After another few years, and a generally positive response to the DS re-release of the previous two games, a proper third title in the series was released for the Nintendo 3DS. Sayonara Umihara Kawase (or “Farewell Umihara Kawase”, if you will) was developed by Agatsuma Entertainment, though series creator Kiyoshi Sakai was still heavily involved in its design. It retains much of the core platforming mechanics of the previous games, but updates the overall design of the game to something a little more modern.
The biggest change is that limited lives are no longer a factor in the main game. Instead, progressing through the game simply unlocks new levels on a map grid. Multiple exits are still present in certain stages, meaning that pathways from one end of the map to the other are sometimes a bit knotted and hard to follow. The different paths eventually lead to one of five endings, each of which closes out with a boss fight. Hidden backpacks can still be found along the way, though these are treated merely as collectibles. Once at least one ending has been reached (the path from stage 0 to stage 9 is pretty quick and easy), you unlock Survival Challenge, which starts the player off in stage 0 with 3 lives, as in the previous games.
Another noteworthy change is that there are more playable characters this time around.
Umihara Kawase (aka Yumi in North America)
The main character of the previous games. Has no special ability. There is also a childhood version of the main character, who can restart each stage from a checkpoint, but only once per try.
Levels still consist of pretty much the same basic elements as the previous games, but it feels like a lot more thought and care was put into level design this time around. Enemies no longer spawn freely (outside of some specific stage gimmicks) and their placement is generally fair and logical. Much like Shun, much of the challenge here involves figuring out how to navigate some truly vicious platforming. There’s no shortage of spikes and icy surfaces to be found, as well as the newly added trampolines, which have their own springy physics and are often placed at odd angles. You can press the left shoulder button to temporarily freeze time in order to get a read on your situation, as well as bring up a diagram showing which direction you’re currently pressing on the d-pad. If you’re playing as Noko, this ability is replaced with temporary slow-mo, which is far more useful.
The bosses will surely look familiar to series veterans, like the first fight against a giant tadpole, but they’ve been reworked to feel a lot more like an actual boss fight, so you need to figure out a way to get them to injure themselves while avoiding them. Unfortunately, they’re kind of the weak link in the chain, as the limits placed on your abilities means you still end up fighting by somewhat indirect means.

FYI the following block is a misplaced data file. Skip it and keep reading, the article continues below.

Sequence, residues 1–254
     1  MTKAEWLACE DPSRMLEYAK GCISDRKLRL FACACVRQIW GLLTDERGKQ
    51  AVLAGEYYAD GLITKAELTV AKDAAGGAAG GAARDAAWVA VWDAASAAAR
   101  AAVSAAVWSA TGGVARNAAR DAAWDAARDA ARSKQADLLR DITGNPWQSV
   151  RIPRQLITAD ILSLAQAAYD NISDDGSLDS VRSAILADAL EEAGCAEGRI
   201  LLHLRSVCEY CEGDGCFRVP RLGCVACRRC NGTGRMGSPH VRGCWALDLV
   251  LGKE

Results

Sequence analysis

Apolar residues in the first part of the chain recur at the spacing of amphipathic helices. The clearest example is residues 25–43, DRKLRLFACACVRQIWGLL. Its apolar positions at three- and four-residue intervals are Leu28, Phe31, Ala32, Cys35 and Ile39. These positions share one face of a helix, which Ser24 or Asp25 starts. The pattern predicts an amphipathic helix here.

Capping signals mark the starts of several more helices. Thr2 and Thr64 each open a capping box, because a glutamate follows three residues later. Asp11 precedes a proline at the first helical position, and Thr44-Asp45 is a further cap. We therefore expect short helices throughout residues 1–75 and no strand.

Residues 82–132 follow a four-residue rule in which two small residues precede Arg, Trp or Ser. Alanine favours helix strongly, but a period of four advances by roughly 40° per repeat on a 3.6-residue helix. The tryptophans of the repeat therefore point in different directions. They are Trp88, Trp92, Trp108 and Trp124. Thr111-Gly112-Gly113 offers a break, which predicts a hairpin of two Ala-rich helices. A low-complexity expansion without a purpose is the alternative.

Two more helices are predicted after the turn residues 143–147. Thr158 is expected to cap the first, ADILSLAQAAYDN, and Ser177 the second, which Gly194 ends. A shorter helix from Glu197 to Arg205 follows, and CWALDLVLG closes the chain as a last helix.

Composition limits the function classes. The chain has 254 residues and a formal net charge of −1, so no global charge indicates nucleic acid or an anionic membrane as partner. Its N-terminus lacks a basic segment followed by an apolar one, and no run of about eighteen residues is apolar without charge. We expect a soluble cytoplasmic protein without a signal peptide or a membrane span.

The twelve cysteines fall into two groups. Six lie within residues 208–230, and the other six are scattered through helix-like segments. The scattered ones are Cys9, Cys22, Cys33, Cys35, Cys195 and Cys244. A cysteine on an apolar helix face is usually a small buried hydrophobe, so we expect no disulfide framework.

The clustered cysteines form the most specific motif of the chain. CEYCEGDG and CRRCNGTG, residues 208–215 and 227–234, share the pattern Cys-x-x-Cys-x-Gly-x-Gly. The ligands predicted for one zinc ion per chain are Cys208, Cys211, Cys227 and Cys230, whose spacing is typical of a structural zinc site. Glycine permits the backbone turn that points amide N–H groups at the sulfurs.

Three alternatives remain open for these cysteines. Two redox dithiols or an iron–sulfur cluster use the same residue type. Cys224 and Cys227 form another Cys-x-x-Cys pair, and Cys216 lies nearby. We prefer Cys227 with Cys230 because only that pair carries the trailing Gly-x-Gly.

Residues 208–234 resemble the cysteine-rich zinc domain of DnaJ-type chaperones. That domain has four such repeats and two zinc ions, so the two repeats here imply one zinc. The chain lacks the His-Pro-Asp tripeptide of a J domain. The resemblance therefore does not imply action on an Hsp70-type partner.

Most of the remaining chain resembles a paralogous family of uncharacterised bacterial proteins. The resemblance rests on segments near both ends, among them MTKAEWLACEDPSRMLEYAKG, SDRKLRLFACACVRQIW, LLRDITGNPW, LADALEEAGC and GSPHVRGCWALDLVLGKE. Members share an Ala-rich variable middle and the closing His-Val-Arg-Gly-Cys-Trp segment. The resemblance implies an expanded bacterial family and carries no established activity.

One last notable improvement is how good a job this game does at tracking stats. A profile screen keeps track of how many stages you’ve cleared, how many exits you’ve reached, and how many backpacks you’ve found. Each individual stage keeps track of how many times you’ve succeeded and died in that stage (which can lead to some pretty embarrassing ratios, especially if you’re not very good) as well as your best time for each exit on that stage. Best times are also uploaded onto a leaderboard, and since playing as alternate characters can make clearing certain stages easier, there’s an option in the settings to filter out times wherein those characters were used.
Gone, sadly, is the hand-drawn sprite art, replaced with 3D character models. The enemies manage to survive the transition pretty well, but Umihara and the other human characters end up looking pretty strange. Being polygonal just seems to emphasize their odd proportions, particularly the large hands and pencil-thin arms and legs. Backgrounds and graphics in general are underwhelming, and the camera has this strange way of shifting around very slightly as you move around. It痴 indented to emphasize the 3D effect, though it just ends up being distracting. The framerate is also capped at 30 FPS, and in general the game feels slightly slower and more sluggish than its purely 2D predecessors. The music as as cheesy as ever, though many of the tracks seems to revolve around similar motifs, so the soundtrack as a whole feels a little more cohesive. The lack of a map on the bottom screen, like in the DS game, is also a bummer.
About a half-year after its release in Japan, Sayonara Umihara Kawase became the first game in the series to officially cross the pond, when Natsume released the game as a download only title in North America. It was released as Yumi’s Odd Odyssey, a name they’d planned to use for the PSP port of Shun before the stateside release of that game fell though. Umihara’s name was changed to Yumi, which is at least easier to pronounce in English, and while there’s no mention of her original name, the game’s text doesn’t try to cover up references to previous games in the series. The only other change that’s immediately apparent is that the North American leaderboards are separated from the Japanese ones. The European versions is the same but keeps the original title.
A Vita port was also released in 2015. This version was published directly by Agatsuma worldwide, and keeps its original moniker, though it’s known as Sayonara Umihara Kawase+. It looks nicer, as it’s displayed at a higher resolution and runs at 60 FPS. It includes several new levels and rebalanced enemy placement, as well as a port of the original Super Famicom game, complete with a practice mode, making it the first time that the original title was released outside of Japan. A PC port was also released in 2015, though it’s pretty much just a straight conversion of the Vita version, and runs in the native Vita resolution.
Indie Before It was Cool: The Umihara Kawase Story An excellent interview with Kiyoshi Sakai.